Much of what we know about the life of St. Cyril has been compiled from the writings of his younger contemporaries, including Epiphanius, Jerome, and Rufinus, as well as fifth-century historians Socrates, Solomon, and Theodoret.
Cyril was likely born around the year 315 in Jerusalem, when Christianity had just been legalized in the Roman Empire. Although this legalization ended public persecutions that had previously threatened the Church, it indirectly contributed to a number of internal controversies about theology and the jurisdiction of bishops, both of which Cyril became involved in.
Cyril received a thorough education in classical Greek literature and the Bible. He was ordained by Bishop Maximus of Jerusalem, and later succeeded him as bishop in 348. Around the year 350, he delivered a series of lectures to new initiates of the Catholic Church, which are still studied today.
The following year, a large cross-shaped light appeared in the sky over the city, and many people interpreted this as a sign that the Church had triumphed over heresy. It could also been seen as a sign of suffering that the new bishop would undergo.
Unlike many other bishops of the time, Cyril did not let his classical education lead him away from Church teachings, and continued to teach that Christ was fully man and fully divine. However, Archbishop Acacius — who consecrated Cyril as a bishop — allied with the Arian heresy. His false beliefs led many bishops to believe Cyril was involved in the heresy as well.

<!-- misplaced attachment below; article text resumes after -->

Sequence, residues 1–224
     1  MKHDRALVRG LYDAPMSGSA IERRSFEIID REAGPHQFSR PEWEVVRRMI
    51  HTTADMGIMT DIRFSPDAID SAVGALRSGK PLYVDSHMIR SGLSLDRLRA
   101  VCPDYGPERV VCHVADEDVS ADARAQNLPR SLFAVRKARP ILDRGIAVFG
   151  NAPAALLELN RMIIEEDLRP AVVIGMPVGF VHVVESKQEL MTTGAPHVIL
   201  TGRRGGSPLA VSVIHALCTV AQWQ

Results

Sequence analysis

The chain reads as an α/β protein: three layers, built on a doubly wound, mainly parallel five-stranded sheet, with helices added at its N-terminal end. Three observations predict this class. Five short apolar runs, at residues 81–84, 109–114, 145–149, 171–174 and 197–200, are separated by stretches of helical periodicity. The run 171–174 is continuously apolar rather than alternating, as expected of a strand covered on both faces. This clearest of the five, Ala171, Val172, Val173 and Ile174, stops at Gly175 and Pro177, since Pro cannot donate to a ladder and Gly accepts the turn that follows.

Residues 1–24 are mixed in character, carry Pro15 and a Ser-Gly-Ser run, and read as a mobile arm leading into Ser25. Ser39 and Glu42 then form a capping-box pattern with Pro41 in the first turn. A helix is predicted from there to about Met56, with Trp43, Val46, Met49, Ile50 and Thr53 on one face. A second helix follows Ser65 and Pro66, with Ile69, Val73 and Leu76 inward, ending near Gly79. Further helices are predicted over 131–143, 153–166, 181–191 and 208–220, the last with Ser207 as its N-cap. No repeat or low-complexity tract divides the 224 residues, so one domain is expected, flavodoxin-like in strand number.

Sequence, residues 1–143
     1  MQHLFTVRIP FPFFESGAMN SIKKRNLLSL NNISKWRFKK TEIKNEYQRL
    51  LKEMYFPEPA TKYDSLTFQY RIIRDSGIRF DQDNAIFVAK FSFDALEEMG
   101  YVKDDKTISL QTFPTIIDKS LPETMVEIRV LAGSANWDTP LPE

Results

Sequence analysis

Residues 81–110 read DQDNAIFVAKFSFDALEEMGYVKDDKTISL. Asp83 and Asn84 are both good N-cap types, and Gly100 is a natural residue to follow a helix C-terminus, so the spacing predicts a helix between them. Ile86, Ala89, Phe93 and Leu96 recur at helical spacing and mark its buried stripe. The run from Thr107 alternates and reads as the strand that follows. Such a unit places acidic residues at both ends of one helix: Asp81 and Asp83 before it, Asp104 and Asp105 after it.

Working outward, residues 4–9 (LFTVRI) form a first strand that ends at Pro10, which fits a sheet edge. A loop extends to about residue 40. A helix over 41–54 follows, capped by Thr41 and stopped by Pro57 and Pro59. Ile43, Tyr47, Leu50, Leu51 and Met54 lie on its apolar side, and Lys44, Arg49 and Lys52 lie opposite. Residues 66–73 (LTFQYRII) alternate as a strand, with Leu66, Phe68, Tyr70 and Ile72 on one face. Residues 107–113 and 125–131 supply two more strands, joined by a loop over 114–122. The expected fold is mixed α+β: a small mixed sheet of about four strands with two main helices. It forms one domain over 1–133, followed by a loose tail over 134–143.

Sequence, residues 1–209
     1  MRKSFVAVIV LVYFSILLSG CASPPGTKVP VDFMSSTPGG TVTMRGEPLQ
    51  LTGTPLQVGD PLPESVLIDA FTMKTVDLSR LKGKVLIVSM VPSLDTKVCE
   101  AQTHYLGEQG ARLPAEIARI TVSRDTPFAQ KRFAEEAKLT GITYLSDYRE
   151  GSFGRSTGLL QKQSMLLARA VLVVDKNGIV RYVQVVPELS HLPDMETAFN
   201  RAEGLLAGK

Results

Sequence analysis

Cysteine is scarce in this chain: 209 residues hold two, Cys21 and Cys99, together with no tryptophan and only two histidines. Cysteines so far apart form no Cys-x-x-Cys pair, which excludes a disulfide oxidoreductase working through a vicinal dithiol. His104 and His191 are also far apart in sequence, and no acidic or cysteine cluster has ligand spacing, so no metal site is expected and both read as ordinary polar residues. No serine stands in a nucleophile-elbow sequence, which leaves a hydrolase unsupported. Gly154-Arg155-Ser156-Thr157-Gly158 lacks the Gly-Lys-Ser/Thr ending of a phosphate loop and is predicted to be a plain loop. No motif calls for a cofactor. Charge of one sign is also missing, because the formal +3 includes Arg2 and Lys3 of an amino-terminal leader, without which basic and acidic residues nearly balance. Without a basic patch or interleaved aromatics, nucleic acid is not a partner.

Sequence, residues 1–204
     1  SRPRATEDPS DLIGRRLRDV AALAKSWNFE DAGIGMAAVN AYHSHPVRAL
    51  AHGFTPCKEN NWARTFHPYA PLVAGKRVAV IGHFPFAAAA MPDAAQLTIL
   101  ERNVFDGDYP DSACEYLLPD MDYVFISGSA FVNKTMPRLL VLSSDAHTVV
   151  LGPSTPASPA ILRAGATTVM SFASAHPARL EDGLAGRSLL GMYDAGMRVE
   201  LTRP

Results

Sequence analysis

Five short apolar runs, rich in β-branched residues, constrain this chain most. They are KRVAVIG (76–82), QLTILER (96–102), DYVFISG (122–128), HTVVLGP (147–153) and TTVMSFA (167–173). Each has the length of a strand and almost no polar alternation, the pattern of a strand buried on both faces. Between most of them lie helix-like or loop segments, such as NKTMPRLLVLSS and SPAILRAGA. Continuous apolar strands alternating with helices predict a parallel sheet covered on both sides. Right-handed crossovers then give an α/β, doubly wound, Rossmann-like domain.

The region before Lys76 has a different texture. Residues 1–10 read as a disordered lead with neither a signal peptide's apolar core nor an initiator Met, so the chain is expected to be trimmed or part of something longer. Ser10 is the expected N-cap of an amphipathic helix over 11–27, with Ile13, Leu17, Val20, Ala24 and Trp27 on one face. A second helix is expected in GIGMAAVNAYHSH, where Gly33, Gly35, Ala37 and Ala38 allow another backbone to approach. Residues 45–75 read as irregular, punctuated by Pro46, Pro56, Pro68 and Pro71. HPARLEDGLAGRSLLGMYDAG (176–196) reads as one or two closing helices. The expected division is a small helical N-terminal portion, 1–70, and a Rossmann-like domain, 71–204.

Through this and other disputes with Acacius, Cyril was exiled from Jerusalem three times over the course of 20 years. He went first to Taraus, and took refuge with Bishop Silvanus. In 359, he came to the Council of Seleucia, where Acaius was deposed and Cyril was returned to his see. But a year later, he was driven out again, and only returned when the emperor had been replaced in 361.
Six years later, the new emperor banished all bishops who had been restored under Julian, and Cyril remained in exile for the next 11 years.
In 381, Cyril participated in the Second Ecumenical Council, which condemned Arianism and added references to the Holy Spirit to the Nicene Creed in 325.
St. Cyril died in 387, and was named a Doctor of the Church in 1883.